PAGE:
Starring: Mila Kunis, Kathryn Hahn, Kristen Bell
Director: Scott Moore, Jon Lucas
Running Time: 104 mins
A Bad Moms Christmas is an American film and the sequel to Bad Moms. While preparing for a nice, relaxed Christmas, the moms are hit with a surprise as each of their mothers decides to come and stay for the holidays, wreaking havoc on their plans.
I really enjoyed the first Bad Moms. Funny, charismatic and energetic throughout, with the added bonus of a heartfelt story at its core, it was a great watch. Its festive sequel, on the other hand, doesn’t quite succeed in all the same areas, and although it still proves a fun watch with its entertaining lead characters and decent jokes throughout, it’s unfortunately missing the same depth that made the first such a likable film.
First off, however, there’s no doubt that A Bad Moms Christmas achieves its main objective, that is being a funny comedy. Much like the first film, the energetic trio of Mila Kunis, Kristen Bell and Kathryn Hahn make for some great laughs throughout, and although they’re not quite as tightly knit a leading group as in the first film, each of their characters has a moment to shine throughout, and that’s complemented with the same irreverent humour that we saw last time out.
There’s an argument that the film is a little crude, and I won’t deny that some of its cruder jokes don’t quite land as well as they intend to, which can backfire when the film is really trying to go all out as a raunchy, off-the-wall comedy. However, there are far, far cruder films out there that get far less criticism, and although that brand of humour may clash a little with the traditional Christmas atmosphere, there are undoubtedly enough good jokes throughout to keep you laughing and fully entertained.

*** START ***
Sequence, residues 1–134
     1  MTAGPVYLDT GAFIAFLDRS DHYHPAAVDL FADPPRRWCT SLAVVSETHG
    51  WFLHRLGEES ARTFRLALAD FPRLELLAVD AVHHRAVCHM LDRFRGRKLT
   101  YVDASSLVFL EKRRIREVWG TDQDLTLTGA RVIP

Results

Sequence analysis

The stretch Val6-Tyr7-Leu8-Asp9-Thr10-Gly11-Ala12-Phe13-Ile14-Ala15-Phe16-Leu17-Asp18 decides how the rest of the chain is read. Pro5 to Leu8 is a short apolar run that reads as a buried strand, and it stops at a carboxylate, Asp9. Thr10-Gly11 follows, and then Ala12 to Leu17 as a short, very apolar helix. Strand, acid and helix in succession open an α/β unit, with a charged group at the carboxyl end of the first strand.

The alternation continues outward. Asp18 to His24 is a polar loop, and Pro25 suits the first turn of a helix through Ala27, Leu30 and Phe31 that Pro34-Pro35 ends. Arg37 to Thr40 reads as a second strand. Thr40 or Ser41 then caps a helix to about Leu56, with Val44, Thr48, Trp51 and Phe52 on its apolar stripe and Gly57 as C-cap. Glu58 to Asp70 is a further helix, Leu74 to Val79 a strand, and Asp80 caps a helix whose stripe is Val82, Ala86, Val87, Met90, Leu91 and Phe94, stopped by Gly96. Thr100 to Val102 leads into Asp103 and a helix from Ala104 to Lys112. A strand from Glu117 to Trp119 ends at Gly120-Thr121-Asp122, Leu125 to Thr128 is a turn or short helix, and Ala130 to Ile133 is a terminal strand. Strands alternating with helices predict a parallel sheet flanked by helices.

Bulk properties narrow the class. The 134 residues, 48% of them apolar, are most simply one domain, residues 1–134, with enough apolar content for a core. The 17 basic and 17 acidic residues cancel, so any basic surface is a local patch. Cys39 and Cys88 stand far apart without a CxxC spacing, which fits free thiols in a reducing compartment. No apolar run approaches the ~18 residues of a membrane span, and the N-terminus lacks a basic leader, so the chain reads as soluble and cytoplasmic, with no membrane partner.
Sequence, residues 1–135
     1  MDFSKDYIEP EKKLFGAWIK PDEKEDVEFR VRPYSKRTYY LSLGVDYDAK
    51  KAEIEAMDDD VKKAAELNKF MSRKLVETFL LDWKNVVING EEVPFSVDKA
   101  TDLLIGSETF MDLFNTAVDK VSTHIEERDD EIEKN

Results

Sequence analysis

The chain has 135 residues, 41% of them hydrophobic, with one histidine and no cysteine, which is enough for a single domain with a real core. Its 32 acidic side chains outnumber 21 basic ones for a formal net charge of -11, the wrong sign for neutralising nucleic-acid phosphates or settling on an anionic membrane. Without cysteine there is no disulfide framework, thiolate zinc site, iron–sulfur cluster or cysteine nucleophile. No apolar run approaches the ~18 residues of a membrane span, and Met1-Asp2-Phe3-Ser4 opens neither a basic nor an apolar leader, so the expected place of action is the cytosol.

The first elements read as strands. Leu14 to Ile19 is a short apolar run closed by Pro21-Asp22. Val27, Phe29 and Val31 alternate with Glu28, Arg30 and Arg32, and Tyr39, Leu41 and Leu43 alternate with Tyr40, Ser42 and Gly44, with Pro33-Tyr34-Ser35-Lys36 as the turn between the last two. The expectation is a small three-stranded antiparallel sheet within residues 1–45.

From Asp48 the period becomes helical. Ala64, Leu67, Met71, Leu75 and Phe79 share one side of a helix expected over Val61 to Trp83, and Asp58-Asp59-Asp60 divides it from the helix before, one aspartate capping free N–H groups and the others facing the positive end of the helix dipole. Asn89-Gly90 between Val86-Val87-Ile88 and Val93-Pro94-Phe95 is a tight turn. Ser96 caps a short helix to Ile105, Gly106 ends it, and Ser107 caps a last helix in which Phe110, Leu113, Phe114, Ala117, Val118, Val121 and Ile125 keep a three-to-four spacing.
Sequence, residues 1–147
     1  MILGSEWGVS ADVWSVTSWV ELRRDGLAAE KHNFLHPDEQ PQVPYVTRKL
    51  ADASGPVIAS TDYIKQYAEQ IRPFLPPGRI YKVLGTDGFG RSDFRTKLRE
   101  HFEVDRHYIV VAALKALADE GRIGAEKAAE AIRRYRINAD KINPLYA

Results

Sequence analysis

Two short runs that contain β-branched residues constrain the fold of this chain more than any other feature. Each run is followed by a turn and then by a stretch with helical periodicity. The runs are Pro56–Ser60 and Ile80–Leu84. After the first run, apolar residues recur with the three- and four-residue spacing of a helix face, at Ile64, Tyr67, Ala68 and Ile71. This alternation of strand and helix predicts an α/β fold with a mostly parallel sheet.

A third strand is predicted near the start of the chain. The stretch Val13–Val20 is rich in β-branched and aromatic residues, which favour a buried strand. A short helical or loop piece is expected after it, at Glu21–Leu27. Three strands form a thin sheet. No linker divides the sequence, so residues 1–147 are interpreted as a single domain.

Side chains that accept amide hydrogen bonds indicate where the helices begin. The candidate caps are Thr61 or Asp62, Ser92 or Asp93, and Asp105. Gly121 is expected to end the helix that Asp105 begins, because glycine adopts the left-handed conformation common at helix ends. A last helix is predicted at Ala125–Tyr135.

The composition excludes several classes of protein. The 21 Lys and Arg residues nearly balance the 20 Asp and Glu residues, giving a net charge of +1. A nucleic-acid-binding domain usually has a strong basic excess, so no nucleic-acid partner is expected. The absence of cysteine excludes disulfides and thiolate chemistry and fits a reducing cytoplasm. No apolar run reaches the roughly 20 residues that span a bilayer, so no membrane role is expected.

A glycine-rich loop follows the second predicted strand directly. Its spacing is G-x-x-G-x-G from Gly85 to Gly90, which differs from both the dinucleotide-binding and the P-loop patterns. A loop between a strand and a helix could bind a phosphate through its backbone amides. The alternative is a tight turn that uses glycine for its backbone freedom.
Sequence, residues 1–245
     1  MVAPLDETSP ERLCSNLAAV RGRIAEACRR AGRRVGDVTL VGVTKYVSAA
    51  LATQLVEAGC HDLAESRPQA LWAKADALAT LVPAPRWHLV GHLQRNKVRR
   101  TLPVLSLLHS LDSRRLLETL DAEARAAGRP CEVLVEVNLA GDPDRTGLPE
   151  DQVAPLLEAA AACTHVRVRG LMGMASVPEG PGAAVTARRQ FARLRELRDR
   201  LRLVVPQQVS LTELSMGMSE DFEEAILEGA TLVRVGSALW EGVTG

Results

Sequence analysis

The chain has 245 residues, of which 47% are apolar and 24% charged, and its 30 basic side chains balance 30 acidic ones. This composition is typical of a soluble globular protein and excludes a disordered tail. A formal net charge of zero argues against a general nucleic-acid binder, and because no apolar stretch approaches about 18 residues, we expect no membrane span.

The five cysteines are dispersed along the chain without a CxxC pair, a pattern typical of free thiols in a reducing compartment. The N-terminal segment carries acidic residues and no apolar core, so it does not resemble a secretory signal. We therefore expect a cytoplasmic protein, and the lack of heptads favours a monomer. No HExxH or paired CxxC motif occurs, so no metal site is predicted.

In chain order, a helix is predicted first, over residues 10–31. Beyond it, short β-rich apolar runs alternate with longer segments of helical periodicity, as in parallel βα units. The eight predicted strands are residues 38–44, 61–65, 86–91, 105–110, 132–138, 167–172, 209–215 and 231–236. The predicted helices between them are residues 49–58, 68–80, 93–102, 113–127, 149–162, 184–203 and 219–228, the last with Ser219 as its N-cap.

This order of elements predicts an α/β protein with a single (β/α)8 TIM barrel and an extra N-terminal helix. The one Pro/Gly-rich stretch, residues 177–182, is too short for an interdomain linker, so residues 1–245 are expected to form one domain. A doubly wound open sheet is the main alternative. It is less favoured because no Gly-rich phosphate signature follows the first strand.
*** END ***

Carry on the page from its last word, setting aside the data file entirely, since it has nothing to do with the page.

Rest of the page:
On the flipside, however, A Bad Moms Christmas fails where Bad Moms shone brilliantly, and that’s in the emotional depth of its story. While Bad Moms was of course first and foremost a good comedy, the reason that it stands out in my mind so much is the passionate delivery of engrossing core themes, namely pointing the finger at overly pushy parents, as well as celebrating the role of mothers in everybody’s lives, and giving due consideration for everything they do for us.
In this film, however, the movie’s core message is a lot less passionate and heartwarming, and often even comes off as a little mean-spirited. Of course, the core idea is still the same, celebrating mothers in whichever form they may come, but most of the film centres on our three leading ladies getting (often rightfully) angry at their mothers’ various bizarre behaviours, and that doesn’t help to get you on side for the positive message the film is trying to bring across.
As a result, the movie lacks a pleasant emotional core that the best Christmas movies are so full in, while also paling in comparison to its predecessor’s brilliant main themes. All in all, though, this is still a very fun film with good humour and entertaining performances across the board, and although it may not have the depth to really stand out, it proves thoroughly enjoyable nonetheless, and that’s why I’m giving A Bad Moms Christmas a 7.2 overall.